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Thread: Screen art and racism

  1. #51
    Chakat sex pillow
    Registered: Sep 2006
    Location: not here
    When the conversation devolves to 'no u' with a failure to understand what was an insult and what wasn't, let alone acknowledging the actual topics, it's obviously too stupid to continue; so I'm bowing out. As much as you won't, I'm still going to recommend you reread Thirith's post and do some self-searching.

    Everyone else, thank you for chipping in.
    Last edited by Sulphur; 12th Jun 2020 at 03:09.

  2. #52
    Member
    Registered: Dec 2001
    Quote Originally Posted by icemann View Post
    Example of tribalism right there. When you surround yourself only with views you agree on. Thus strengthening your own views since you never debate or hear/read counterpoints.
    I'm afraid it's something far less intellectual here. It was a simple time saver. Just in terms of e.g. the movie thread, you tend to praise poor, average or pulpy stuff while downplaying or just scratching the surface of better works (both in my opinion, and as generally established by film critics). That was not a matter of not wanting to hear someone else's different (but interesting) opinion, more like skipping posts by a guy who's too much in love with his own voice. Which is also visible here.

  3. #53
    Member
    Registered: Mar 2001
    Location: Melbourne, Australia
    Quote Originally Posted by Thirith View Post
    icemann, you are just about one of the least self-reflective people I know, and your arguments in this discussion boils down to variations of "I'm not racist, so what I do cannot be racist, what my friends do cannot be racist, what I don't consider bad cannot be racist, that's the beginning and end of it." I cannot remember a single instance where you have taken an actual look at yourself, your opinions, your reactions. What you're saying is incoherent as an argument, because it always refers back to you and your own attitudes. You seem unable or unwilling to examine those, only to reconfirm them and then dress them up in commonplaces - and you follow up by not engaging what people actually say in response, you just go back to your default position.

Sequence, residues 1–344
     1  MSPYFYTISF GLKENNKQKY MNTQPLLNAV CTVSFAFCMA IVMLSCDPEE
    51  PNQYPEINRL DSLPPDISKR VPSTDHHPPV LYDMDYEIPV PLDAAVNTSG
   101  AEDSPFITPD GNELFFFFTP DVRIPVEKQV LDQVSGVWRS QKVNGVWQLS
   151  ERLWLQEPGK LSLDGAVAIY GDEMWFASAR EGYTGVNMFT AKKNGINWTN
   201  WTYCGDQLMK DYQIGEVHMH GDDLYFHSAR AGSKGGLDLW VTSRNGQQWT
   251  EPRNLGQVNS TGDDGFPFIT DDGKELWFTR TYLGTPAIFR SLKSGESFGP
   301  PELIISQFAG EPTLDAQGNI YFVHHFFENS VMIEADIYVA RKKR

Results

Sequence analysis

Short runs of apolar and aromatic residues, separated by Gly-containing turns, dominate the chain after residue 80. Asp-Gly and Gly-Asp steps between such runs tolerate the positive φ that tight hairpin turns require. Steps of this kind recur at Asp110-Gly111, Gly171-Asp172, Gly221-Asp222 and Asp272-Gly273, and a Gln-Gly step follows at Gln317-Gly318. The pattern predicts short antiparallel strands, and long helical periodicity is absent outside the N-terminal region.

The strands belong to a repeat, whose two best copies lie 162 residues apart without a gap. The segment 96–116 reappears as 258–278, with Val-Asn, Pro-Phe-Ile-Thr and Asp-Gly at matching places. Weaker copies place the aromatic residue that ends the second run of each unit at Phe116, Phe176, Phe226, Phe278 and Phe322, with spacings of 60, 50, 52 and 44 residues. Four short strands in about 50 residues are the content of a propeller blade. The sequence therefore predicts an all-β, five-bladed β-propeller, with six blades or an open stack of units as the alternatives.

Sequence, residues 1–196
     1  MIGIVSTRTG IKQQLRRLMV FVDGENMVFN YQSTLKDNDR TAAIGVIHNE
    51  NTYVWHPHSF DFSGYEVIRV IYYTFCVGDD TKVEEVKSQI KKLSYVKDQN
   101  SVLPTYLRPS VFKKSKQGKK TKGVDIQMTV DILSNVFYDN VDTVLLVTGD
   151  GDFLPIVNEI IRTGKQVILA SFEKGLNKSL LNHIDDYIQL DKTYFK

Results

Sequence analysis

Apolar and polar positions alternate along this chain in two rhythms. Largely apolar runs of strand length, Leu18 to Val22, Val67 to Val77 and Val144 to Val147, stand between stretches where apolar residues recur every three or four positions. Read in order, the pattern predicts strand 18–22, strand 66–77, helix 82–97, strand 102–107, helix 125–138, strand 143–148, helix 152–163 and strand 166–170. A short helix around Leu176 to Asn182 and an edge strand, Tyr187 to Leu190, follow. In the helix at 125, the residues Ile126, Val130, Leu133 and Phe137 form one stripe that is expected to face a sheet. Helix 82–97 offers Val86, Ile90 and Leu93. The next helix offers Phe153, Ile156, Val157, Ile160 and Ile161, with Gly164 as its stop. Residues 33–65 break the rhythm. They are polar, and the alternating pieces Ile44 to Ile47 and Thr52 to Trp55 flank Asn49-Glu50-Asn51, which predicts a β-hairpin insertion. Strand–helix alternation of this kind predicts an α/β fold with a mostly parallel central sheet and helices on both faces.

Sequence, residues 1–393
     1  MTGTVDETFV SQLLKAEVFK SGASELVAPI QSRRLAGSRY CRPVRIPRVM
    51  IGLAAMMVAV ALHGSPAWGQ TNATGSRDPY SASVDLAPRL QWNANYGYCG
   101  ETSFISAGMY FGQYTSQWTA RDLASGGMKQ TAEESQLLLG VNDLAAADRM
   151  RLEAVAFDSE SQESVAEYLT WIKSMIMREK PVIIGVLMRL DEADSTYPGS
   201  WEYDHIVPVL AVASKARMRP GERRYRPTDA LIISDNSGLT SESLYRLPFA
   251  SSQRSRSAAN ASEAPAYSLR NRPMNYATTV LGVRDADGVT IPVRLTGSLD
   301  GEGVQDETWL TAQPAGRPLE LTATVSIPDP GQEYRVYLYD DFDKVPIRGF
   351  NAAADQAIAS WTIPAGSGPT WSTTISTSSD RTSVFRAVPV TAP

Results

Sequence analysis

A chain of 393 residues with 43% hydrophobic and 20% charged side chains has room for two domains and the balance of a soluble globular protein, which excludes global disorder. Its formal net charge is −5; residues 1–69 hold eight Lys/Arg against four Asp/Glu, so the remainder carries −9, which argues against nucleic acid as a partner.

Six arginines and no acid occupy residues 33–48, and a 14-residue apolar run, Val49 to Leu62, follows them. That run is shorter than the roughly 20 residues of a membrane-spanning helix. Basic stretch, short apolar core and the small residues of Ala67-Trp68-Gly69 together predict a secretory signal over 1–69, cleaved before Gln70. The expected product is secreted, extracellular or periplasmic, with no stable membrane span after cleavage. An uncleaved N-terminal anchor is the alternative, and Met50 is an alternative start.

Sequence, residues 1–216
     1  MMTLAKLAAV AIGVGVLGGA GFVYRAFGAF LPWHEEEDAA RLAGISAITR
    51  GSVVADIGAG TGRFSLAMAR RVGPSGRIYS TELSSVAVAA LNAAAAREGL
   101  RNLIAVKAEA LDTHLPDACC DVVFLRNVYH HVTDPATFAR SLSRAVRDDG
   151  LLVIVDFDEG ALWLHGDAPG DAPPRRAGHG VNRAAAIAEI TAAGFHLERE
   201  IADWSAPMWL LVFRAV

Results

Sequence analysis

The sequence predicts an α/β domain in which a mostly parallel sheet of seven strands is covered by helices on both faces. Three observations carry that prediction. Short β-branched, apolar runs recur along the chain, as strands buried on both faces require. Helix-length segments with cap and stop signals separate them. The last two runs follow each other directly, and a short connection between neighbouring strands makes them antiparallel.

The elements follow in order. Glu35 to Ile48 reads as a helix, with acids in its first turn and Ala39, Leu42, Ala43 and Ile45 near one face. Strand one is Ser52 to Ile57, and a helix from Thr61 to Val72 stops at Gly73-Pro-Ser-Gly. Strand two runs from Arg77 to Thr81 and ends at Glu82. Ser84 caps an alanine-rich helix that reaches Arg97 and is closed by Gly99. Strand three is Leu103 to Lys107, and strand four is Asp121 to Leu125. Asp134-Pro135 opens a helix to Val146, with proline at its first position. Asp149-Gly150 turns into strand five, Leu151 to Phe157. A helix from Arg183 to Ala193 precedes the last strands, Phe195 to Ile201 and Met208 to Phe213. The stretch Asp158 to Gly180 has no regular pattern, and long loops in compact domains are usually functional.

You don't see the contradictions and gaping holes in what you post, because honestly, at times you seem to listen to what you're saying as little as you listen to what others are saying.

    What you're saying about the W word and the N word, I've read pretty much exactly the same statements by people defending the N word. If you were to follow your own logic, they'd be as correct as you are and any problem with the N word is just down to cultural difference. So why is there a difference? Because.

    And your defense of bassoferol's statement as sarcastic is another case in point: you just see what you want to see, without *any* evidence, and then that's it. You think he's sarcastic so obviously he's sarcastic, so obviously there's no problem with what he's said. Why do you come to that conclusion? Because.
    Originally I was going to respond to Sulphur's initial response about bassoferol other post, but got side tracked by the argument. My apologies.

    What I was going to say was that I was not aware of his other posts. I had judged incorrectly the intent of the post. As for the "You think he's sarcastic so obviously he's sarcastic" - I don't who he is. I've not seen his username here before. Judged incorrectly based on the 1 post alone as I said.

    [edit]
    Scratch that shit. Got overly sensitive with so many people coming out of nowhere with negative comments.

    So if you don't like what I have say? Well fuck you. I aint going nowhere so you can go to hell. If I irritate you - Good. Put me on ignore then.

    Oh and PS - FUCK YOU
    Last edited by icemann; 12th Jun 2020 at 06:34.

  4. #54
    verbose douchebag
    Registered: Apr 2002
    Location: Lyon, France
    Quote Originally Posted by Sulphur View Post
    I'm saying you're incredibly wrong, though, and I doubt I'm alone in that.
    Late to the party, but +1 here too.

    EDIT: Just to point out a pretty basical logical error:

    "We call X people Y, but that's not racist, because Y is just a descriptor."

    No, X is the descriptor. Have a decent think about what the actual purpose of Y is. Why it was used at all, given the existence of X.
    Last edited by faetal; 12th Jun 2020 at 04:34.